Our western life is increasingly technologically mediated, but education is offering few tools to understand the new, often invisible, structures and the way they condition agency. This presentation offers an introduction to the concept of “Critical Technology Education” (CTE) which I have created in my doctoral research as a way to meet the educational demands of the digital society. I argue that we cannot understand central issues in education, such as agency and empowerment, without taking into account the code-based structural affordances. CTE suggests that instead of taking media and technological infrastructures as pre-given external matters, devices that are used or channels that convey information, attention should be shifted to looking at media and technology as active shapers and organisers of our perceptions and thinking.
The need for Critical Technology Education is argued by presenting results from two case studies of my doctoral research that underline the relevance of CTE. First, I will show what kind of technological future the European Union is drafting for us in their strategy document “A Digital Agenda for Europe” (2010). My analysis concentrates on the technotopian narrative created in the document and the narrow roles of agency offered to citizens. In the second example, I will argue based on a case study on how Facebook users and non-users negotiate their relationship to the platform as a technologically mediated space, that people tend to be indifferent towards how technology is shaping their everyday practices. This is partly due to people taking the automatic data collecting and selling as a normalized part of everyday life.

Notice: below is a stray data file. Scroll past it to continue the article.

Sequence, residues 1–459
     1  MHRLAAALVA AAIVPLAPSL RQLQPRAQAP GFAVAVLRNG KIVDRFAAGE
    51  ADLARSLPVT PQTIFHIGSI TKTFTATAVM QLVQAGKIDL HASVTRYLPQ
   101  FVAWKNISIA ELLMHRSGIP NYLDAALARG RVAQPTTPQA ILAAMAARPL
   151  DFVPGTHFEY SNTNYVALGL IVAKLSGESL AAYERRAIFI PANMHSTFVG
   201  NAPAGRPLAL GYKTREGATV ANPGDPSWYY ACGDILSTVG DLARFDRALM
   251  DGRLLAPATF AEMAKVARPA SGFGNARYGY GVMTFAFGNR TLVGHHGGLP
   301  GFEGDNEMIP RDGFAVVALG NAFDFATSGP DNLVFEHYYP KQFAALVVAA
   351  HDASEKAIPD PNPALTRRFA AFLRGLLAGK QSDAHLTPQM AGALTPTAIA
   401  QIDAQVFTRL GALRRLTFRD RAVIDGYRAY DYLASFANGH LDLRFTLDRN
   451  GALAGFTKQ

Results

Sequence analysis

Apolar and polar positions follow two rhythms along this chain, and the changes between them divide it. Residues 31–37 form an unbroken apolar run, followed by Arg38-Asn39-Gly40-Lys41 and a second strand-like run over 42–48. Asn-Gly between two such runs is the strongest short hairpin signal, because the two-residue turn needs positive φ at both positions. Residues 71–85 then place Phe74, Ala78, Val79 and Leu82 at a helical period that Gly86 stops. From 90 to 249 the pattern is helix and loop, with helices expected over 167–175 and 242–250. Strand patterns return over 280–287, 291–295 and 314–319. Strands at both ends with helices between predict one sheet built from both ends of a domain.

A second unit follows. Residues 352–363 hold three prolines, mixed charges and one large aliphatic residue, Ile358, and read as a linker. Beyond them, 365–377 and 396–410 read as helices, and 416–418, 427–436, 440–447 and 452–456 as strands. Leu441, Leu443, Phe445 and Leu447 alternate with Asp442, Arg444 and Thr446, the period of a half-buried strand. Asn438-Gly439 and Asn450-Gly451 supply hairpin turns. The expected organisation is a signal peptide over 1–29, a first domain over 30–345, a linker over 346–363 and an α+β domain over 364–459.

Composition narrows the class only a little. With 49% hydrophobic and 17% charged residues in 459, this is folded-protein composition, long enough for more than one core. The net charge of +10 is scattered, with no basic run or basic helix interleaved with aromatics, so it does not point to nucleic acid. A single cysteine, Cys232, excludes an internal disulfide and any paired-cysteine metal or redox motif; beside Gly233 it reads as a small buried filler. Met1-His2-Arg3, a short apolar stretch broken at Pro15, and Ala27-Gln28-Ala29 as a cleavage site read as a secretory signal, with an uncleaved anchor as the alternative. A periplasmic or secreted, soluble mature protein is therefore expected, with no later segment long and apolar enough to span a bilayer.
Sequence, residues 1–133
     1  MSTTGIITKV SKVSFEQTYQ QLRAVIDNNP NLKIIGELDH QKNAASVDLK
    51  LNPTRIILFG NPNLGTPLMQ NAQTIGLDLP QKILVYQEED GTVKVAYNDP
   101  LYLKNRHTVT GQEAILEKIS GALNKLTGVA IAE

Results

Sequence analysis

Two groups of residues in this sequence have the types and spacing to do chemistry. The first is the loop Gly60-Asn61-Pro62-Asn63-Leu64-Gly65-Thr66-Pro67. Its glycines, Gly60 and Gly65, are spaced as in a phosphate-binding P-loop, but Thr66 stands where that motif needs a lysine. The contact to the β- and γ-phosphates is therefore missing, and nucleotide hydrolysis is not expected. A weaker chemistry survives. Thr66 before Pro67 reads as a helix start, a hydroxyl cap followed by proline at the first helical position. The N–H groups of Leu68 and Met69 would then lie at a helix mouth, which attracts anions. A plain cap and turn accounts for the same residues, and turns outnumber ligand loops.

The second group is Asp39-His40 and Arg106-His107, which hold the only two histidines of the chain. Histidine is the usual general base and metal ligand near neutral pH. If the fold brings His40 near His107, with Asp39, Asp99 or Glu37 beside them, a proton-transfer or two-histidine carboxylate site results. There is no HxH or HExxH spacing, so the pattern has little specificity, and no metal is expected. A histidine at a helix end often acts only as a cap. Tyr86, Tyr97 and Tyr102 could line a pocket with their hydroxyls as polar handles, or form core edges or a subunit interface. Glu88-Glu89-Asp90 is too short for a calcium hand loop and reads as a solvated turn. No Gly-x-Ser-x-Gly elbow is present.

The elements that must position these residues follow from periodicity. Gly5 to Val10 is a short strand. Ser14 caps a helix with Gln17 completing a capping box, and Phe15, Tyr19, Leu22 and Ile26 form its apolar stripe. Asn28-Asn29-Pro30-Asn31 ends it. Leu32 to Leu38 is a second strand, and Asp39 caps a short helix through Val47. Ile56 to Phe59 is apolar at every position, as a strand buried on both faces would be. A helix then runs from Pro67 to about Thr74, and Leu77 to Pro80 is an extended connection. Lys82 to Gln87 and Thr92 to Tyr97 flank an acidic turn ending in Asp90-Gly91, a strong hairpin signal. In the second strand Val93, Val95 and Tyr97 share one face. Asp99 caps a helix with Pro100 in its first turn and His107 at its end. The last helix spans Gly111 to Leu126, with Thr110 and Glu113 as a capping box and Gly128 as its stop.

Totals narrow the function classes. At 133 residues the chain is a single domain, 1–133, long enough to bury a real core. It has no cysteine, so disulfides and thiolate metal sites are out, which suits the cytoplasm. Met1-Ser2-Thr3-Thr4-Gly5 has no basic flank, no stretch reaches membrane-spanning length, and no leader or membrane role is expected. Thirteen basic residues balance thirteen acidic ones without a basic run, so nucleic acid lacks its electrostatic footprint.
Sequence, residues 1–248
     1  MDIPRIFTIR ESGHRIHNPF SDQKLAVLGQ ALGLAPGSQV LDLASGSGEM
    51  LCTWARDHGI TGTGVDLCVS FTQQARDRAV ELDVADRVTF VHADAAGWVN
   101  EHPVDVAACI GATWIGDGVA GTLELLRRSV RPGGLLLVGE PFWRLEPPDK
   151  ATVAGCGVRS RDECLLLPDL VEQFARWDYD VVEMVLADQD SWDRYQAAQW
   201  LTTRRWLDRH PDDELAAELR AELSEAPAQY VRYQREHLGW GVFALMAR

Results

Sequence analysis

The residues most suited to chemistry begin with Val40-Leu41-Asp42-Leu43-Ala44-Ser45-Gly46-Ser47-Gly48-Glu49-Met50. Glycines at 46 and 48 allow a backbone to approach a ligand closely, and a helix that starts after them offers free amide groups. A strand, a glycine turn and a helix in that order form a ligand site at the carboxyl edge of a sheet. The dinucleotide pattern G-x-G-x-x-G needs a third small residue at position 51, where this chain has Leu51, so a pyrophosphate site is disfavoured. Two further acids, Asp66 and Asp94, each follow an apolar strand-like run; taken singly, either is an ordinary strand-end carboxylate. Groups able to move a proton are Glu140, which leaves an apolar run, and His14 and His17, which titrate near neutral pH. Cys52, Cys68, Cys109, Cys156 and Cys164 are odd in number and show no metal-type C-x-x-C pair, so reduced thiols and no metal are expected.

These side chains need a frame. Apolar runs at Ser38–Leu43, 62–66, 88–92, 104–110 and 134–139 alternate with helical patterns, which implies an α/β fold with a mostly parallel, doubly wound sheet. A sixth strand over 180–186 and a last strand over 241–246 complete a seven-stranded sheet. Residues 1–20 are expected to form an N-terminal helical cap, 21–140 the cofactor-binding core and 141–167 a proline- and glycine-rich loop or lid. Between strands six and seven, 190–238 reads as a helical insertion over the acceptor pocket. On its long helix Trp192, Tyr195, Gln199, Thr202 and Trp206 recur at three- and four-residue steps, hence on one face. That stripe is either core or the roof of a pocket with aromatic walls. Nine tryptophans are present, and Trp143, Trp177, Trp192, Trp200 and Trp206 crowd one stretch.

Both of these case studies end with the same conclusion: without a better understanding of our technological environment, people are left with few alternatives. To challenge the dominant constructions of agency by administration, technology industry and media, people need new perspectives. Thus, the aim of CTE is to enable members of the digital society to imagine and demand alternatives to what is currently offered to us in the form of different technologies and software-enabled environments, and most importantly, offer chances to regain agency and feel empowered.